On his arrival he will be met by those who, if strangers, are his
friends, and who will secure for him comfortable quarters, communicate,
or enable the emigrant to communicate, with his friends at home,
introduce him to the particular industry to which he is assigned, and
who will not cease their personal care of him until he is happily
settled in his new home, and who will afterwards be available for
advice and counsel. He will find himself, not amongst people who are
eager to secure their own profit at his expense, but a part of a
commonwealth where each is taught to seek the good of his neighbour, and
where the laws are framed to secure and perpetuate this desirable
condition of things. A community where the blessings of home and
education and sanitary laws and religion are valued and made available
for all, and where liberty, which nowhere shines so sweetly as amongst a
frugal, industrious, intelligent, simple and godly people, reigns in

Moreover, our widely extended operations, our connection and oneness
with the great social movement of the Army in various lands, and the
regulations which will control the movement, will enable us invariably
to convey our colonists to fields where their labours will be of the
greatest value, and instantly to check any tendency to excess of labour
at any given centre, and even at times to greatly relieve temporary
gluts in the labor market arising from unforeseen circumstances.

In short, it is scarcely possible to overrate the blessings likely to
flow from Colonies where drink and opium will be unprocurable, where
vice will be repressed, where greed will receive little encouragement
and have few opportunities to grow, and where the comparative absence of
poverty on the one hand, and of extreme wealth on the other and the
general contentment of the people, will make life on earth a joy to
those who were once nearly starved out of it.




In connection with our Labor Bureau we shall establish an intelligence
department, the duty of which will be to collect all kinds of
information likely to be of use in prosecuting our Social Reform.

For instance, it would watch the state of the labor market, would
ascertain where there was a lack of labor and where a glut, would inform
the public of the progress of the movement, would bring to our notice
any newspaper criticisms or suggestions, and would generally make itself
useful in a thousand ways.


This would meet a long-felt want, and could also be worked in connection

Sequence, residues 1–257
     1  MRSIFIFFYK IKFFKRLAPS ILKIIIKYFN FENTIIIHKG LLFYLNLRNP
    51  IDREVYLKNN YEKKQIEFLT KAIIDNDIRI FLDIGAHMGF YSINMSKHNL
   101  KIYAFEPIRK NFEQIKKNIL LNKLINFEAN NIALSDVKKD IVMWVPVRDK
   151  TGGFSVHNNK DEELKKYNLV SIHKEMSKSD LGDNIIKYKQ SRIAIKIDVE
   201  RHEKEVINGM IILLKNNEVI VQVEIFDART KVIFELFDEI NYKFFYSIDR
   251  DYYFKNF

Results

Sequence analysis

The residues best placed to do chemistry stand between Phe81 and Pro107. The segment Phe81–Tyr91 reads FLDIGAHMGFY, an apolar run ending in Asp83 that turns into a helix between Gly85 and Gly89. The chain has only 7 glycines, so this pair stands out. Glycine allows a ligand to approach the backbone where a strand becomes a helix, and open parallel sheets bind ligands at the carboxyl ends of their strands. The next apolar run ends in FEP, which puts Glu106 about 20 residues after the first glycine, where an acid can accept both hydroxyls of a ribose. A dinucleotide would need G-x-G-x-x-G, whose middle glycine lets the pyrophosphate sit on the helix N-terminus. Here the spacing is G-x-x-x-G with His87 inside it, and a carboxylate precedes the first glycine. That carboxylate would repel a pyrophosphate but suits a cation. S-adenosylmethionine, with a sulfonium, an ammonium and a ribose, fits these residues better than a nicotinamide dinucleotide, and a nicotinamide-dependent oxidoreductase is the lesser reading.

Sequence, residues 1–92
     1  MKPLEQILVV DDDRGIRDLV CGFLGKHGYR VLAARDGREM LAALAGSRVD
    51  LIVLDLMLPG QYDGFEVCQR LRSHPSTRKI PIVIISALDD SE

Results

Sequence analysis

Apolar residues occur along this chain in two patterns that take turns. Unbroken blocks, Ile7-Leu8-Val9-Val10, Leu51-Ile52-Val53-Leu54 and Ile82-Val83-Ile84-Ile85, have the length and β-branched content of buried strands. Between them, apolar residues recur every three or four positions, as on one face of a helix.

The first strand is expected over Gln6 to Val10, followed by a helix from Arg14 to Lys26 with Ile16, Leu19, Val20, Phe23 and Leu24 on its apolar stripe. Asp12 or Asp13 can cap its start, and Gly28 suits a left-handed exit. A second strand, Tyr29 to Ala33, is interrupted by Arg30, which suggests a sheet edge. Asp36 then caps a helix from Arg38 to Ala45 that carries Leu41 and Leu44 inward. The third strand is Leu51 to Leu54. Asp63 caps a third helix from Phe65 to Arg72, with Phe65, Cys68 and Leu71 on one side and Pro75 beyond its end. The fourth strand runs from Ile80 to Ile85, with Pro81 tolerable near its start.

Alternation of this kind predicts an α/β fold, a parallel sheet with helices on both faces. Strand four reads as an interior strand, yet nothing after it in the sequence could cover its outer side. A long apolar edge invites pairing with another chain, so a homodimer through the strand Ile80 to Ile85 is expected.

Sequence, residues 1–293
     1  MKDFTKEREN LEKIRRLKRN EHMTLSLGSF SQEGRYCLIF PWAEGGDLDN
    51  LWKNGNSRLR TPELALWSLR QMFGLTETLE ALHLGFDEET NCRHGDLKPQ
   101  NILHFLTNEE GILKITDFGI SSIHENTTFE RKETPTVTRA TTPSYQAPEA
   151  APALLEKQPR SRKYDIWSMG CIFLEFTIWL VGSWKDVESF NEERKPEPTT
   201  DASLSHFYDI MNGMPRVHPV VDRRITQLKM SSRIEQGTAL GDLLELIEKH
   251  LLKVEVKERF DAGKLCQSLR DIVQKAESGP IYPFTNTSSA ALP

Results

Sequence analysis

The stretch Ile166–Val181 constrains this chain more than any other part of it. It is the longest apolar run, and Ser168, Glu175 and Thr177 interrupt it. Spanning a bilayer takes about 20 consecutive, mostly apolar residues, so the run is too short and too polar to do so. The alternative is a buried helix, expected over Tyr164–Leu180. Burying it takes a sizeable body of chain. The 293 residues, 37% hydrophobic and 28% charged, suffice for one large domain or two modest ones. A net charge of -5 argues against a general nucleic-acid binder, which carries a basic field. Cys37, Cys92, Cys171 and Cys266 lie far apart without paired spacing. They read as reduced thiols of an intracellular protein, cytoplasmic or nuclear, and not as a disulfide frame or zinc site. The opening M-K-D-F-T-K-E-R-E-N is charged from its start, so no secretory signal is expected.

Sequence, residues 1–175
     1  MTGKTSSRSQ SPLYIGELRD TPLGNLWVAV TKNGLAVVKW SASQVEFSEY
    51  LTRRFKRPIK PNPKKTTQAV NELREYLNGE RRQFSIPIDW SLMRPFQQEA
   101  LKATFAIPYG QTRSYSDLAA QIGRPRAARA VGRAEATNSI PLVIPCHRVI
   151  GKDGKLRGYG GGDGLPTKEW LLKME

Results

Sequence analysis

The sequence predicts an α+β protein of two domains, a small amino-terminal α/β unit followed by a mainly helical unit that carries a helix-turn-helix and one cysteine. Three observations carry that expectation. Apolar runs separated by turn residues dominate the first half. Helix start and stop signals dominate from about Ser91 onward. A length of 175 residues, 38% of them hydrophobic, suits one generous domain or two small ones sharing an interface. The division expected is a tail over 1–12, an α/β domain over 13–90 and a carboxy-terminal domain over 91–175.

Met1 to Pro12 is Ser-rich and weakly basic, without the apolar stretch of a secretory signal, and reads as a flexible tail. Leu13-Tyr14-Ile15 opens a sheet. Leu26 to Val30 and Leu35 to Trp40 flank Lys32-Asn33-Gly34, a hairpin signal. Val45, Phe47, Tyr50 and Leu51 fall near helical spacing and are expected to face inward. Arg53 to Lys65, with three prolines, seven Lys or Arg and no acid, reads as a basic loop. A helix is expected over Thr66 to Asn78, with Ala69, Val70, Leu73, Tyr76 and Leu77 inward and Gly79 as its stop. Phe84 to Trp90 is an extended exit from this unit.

with the Labor Bureau.

The poor would be able to get sound legal advice in regard to their
difficulties, and we should be able to help them in their defence where
we believed them to be wronged.


This has been established for some time in England with admirable
success, our worldwide organization enabling us to trace people under
the most unfavorable circumstances. No doubt there would be much scope
for such a department in India. At the outset it would form part of the
duties of the Labor Bureau, and would not therefore entail any extra


A thoroughly confidential matrimonial bureau which would wisely advise
people desirous of getting married, would certainly be of great service
in India. Its operations would no doubt be small in the beginning, but
as it got to be known and trusted it would be more and more resorted to.

Even supposing that outsiders should hold aloof from it, we should have
a large inside constituency to whom its operations would be very
valuable, and it would be thoroughly in accordance with native notions
for the mutual negotiations to be carried on in such a way.

Missionaries are everywhere largely resorted to in regard to questions
of this kind; and we have every reason to believe that it would be so
with ourselves, and we should thus be able largely to guard our people
against ill-assorted matches, and to furnish them with wise counsel on
the subject.


The subject of emigration has been already referred to elsewhere. No
doubt we shall ultimately require a separate and special office for this
purpose in all the chief cities but at the outset its duties would fall
upon the Labor Bureau and Intelligence Departments who would collect all
the information they could preparatory to the launching of this part of
the scheme.


In place of the "Whitechapel by the sea" proposed by General Booth, a
suitable Indian substitute would I think consist of periodical "melas"
similar to those already prevalent in various parts of the country.

These might be arranged with the treble object of religious
instruction, bodily recreation, and in order to find an occasional
special market for the surplus goods that we produce.

Everything would be managed with military precision. The place would be
previously prepared for the reception of the people. An attractive
programme would be arranged. Everybody would be made to feel comfortable
and at home. And no effort would be spared to make the occasion morally
and spiritually profitable, as well as valuable for the relaxation it
afforded to the bodies of those who attended, and financially profitable
for the purpose of our Social Reform work.



In order to put the whole of the foregoing machinery into motion on an
extensive scale, there can be no doubt that economise as we may, a
considerable outlay will be unavoidable. True we are able to supply
skilled leadership under devoted and self-sacrificing men and women for
a merely nominal cost. True we have Europeans willing to live on the
cheap native diet, and to assimilate themselves in dress, houses and
other manners to the people amongst whom they live. True that we have